But he runs to the stall of the pregnant mare, his charge. The horses are also observing the fast, and he gives her water before taking even a sip for himself.
In third grade I had never heard of Islam, much less Ramadan. King of the Wind gave me no understanding of the inwardness of the religion, but the images and feelings stayed with me, powerfully. Islam became something I was interested in over the years, in the changing way one is interested in something exotic as one grows up. Because of Marguerite Henry I actually read The Koran in high school, not for a class, but on my own, and a part of the world was opened to me—a little bit, but much more than would have happened ordinarily for a Vermont farm kid.
So—horse stories diverse? Multicultural? Really?
That one was. So were many other horse books published in the 40s and 50s. Huge numbers of them focused on American Indians, and as far as I can tell, some did an excellent job of portraying these minority cultures. I read those books because they had horses in them, which got me interested in American Indians and led me on to other books.
Now I'm an author of horse books, and I wonder; are any of my books multicultural? Do they add to the diversity of children's books?
I'd have to say yes. I write out of a culture that is changing, perhaps vanishing—rural Vermont. It startled me to have my book Sugaring win a social studies award. Isn't social studies about exotic places? Making maple sugar was ordinary to me. But Vermont is an exotic place to most Americans, who vaguely imagine it to be part of Canada. I can put that place on the page, or set stories on the subsistence farms of the 19th and early 20th centuries, because I grew up on a farm like that, with a mother who grew up on a farm like that. I know what it feels like to get shocked on the electric fence. I know the agony and the ecstasy of haying season. I know what too much grass can do to a horse's feet, and what the price of farmland, the price of milk, can do to a rural family.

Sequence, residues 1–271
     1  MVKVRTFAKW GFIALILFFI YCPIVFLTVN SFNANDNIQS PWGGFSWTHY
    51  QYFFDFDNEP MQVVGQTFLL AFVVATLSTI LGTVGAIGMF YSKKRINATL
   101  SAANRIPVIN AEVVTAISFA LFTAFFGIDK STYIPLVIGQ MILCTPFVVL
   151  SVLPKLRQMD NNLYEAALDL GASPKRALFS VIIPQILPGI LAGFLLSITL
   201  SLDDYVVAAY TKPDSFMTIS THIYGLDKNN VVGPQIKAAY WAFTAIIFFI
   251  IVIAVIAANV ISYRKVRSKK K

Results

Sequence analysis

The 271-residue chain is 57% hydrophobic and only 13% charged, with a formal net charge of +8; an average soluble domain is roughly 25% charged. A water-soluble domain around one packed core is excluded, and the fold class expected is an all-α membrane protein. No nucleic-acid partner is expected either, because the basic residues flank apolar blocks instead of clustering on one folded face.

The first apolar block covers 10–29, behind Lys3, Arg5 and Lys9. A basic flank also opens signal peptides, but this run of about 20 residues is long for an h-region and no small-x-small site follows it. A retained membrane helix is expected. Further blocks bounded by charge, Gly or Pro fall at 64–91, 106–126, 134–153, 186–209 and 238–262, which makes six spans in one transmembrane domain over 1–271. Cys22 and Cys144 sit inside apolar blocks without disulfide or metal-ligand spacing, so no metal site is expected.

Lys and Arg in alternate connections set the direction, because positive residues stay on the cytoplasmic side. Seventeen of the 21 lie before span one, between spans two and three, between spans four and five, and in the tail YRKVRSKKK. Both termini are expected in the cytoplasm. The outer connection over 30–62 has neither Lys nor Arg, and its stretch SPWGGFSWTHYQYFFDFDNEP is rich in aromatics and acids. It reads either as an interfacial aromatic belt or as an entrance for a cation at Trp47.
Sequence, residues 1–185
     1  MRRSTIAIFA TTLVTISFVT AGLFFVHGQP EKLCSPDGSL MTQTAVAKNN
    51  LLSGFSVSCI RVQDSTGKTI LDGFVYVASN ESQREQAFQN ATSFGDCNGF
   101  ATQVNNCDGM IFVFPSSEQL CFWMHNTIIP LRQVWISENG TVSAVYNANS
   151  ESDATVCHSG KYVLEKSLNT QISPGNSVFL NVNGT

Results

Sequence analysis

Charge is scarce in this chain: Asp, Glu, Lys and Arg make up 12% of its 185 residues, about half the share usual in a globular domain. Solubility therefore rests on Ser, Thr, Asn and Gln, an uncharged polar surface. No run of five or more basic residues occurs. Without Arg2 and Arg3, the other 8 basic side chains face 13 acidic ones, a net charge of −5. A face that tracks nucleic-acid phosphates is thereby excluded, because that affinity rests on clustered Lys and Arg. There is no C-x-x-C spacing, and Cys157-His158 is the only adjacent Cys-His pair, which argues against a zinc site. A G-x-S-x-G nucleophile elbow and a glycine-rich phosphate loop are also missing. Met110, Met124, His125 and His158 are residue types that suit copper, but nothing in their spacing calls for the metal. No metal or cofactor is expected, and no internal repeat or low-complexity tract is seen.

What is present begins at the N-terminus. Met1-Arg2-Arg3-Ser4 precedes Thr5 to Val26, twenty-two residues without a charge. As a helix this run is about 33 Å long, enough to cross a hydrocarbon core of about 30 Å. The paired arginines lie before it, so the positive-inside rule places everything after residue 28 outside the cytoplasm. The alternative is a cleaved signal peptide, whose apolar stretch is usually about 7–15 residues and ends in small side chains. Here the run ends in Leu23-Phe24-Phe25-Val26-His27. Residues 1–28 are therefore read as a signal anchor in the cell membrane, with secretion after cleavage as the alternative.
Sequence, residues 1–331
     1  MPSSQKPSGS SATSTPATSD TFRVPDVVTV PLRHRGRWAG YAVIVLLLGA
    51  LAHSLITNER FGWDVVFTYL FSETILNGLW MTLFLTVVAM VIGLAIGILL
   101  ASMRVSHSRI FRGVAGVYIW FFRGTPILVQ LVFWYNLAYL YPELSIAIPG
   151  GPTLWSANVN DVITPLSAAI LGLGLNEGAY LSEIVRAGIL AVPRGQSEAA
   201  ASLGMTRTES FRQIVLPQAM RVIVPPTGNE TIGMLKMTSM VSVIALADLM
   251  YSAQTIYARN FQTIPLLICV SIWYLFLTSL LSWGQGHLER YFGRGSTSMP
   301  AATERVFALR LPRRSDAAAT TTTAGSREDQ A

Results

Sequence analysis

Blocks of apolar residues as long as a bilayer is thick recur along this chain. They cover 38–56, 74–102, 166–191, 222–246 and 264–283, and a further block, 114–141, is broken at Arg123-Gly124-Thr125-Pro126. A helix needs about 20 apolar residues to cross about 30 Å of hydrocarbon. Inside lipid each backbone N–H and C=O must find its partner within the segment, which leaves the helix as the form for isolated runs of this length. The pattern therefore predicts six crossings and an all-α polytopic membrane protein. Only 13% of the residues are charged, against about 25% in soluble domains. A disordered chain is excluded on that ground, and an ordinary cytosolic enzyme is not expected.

Some of that deserves to be called diverse and multicultural, doesn't it? I don't know. Some would say the color of my skin automatically disqualifies me and the people I write about. Maybe it's just--'just'!--observation, and the imaginative ability to put myself in someone else's shoes and feel what they might feel. I often write from a horse's point of view. That's not multicultural, since horses don't create cultures, but it may be just as broadening.
When Candlewick approached me about writing an early reader horse series, they were troubled by the perception that horses were for rich white people. I knew the association between wealth and horses is mythical; 34 % of horse owners earn less than $50,000/year. So it was natural for me to portray the world of this hardworking lesson horse who becomes so picky about her prospective new owner that she ends of being advertized as “Horse For Free.”
It was up to illustrator Alison Friend to deal with ethnicity. She is English, and her portrayal of Dad and Maggie has them looking Indian or Pakistani. They live in a coastal suburb, and Bramble's new stable is a made-over garden shed.
I don't know if any of that 'counts.' But I know horse books, some of them, are multicultural. King of the Wind definitely is. Read it, and if you want to know the real story of the Godolphin Arabian, read Storey's Horselover's Encyclopedia when the revised edition comes out next year. Let book lead on to book, lead on to book...